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Amyloid Deposition in Serosal Membranes-Reply

Larry A. Weinrauch, MD; John A. D'Elia, MD
Arch Intern Med. 1985;145(12):2264. doi:10.1001/archinte.1985.00360120136032.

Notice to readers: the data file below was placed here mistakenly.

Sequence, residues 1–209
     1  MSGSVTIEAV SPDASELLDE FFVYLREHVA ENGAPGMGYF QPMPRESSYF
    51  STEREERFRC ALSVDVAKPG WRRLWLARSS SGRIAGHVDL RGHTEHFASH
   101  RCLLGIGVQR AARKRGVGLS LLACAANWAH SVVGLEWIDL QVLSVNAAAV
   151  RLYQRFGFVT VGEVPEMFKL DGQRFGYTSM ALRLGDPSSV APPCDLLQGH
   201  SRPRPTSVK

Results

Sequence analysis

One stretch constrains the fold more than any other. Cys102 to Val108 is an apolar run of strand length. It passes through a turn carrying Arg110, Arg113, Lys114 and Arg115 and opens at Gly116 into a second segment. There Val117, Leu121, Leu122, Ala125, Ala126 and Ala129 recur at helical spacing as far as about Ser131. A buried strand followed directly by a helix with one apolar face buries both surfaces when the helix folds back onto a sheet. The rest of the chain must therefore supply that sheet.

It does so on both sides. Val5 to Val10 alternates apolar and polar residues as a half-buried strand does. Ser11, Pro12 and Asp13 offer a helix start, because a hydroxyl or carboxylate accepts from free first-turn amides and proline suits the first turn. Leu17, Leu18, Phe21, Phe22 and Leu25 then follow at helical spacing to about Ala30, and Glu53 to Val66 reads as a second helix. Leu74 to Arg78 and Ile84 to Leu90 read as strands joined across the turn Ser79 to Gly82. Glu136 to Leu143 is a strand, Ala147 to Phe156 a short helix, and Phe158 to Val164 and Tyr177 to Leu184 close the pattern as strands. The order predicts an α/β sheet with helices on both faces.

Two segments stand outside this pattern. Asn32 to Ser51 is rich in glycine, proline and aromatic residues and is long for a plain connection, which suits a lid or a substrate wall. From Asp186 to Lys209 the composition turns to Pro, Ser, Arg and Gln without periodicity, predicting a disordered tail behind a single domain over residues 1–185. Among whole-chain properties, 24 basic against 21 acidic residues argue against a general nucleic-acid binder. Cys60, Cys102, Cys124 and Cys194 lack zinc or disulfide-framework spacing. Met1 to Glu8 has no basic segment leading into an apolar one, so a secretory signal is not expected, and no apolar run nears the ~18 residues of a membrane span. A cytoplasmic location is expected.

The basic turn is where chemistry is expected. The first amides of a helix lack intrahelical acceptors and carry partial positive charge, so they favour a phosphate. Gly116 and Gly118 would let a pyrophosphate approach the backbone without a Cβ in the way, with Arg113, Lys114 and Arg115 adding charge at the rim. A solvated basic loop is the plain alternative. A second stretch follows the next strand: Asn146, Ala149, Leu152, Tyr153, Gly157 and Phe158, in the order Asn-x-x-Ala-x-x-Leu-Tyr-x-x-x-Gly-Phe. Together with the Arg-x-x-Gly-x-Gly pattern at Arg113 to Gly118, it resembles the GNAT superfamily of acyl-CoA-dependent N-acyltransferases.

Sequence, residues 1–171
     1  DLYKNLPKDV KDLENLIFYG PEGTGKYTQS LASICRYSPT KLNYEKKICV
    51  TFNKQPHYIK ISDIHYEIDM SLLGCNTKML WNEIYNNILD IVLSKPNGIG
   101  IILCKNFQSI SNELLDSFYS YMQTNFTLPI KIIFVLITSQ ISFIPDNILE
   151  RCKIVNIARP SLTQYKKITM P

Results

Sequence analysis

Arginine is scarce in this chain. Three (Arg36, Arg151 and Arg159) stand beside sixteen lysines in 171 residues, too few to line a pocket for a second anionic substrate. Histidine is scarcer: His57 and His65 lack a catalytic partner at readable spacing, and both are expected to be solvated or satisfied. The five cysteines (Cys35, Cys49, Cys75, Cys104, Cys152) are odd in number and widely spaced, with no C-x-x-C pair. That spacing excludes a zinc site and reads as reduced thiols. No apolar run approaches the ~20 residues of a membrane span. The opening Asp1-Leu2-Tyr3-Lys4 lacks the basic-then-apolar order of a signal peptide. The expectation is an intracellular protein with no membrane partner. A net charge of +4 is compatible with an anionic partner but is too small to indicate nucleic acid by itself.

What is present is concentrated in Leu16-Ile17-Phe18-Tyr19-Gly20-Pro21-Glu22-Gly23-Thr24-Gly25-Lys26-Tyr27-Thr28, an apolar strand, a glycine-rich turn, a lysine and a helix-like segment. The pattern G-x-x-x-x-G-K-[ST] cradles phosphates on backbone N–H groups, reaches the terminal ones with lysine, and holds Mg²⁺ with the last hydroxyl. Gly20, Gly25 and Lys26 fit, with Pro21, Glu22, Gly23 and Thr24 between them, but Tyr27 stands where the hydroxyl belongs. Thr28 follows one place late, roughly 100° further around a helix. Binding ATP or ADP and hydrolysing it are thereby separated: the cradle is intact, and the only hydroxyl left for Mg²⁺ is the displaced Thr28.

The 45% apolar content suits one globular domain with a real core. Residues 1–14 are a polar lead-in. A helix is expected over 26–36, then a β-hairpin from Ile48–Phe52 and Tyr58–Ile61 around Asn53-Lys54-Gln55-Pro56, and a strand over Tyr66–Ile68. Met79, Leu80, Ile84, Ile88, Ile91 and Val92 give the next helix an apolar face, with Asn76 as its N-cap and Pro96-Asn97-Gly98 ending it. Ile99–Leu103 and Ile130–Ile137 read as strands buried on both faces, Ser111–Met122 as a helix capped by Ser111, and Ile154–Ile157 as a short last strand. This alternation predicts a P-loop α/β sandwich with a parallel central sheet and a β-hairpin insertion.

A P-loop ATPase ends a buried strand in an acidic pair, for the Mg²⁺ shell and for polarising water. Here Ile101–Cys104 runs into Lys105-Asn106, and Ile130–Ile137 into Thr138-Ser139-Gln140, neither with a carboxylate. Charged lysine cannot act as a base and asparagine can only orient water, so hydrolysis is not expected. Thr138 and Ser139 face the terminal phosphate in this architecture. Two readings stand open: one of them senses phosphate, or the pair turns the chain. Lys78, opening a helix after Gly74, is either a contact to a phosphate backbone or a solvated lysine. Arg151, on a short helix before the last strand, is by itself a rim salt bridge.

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In Reply.  —The case report by Mallet et all is of concern, since ascites induced by peritoneal infiltration with amyloid required internal catheter drainage. Other clinically relevant serosal amyloid consequences have included pleural effusion, cardiac tamponade, and obstructive uropathy. No case of intestinal obstruction has yet appeared in the literature. Surgical interventions have included pericardial window2,3 ureteral dissection with splint insertion,2 and the peritonealjugular shunt reported by Mallet et al.1 Whereas the patient described by Mallet et al also had visceral involvement, our report was prompted by limitation of amyloid in the serosa. We agree that a longer follow-up might have led to an easier classification of the source of amyloid. Whether serosal amyloid deposition represents an organ-limited (serosa) immunocytederived amyloidosis, an immunocyte dyscrasia, or an entity related to insulin-dependent diabetes remains unclear.


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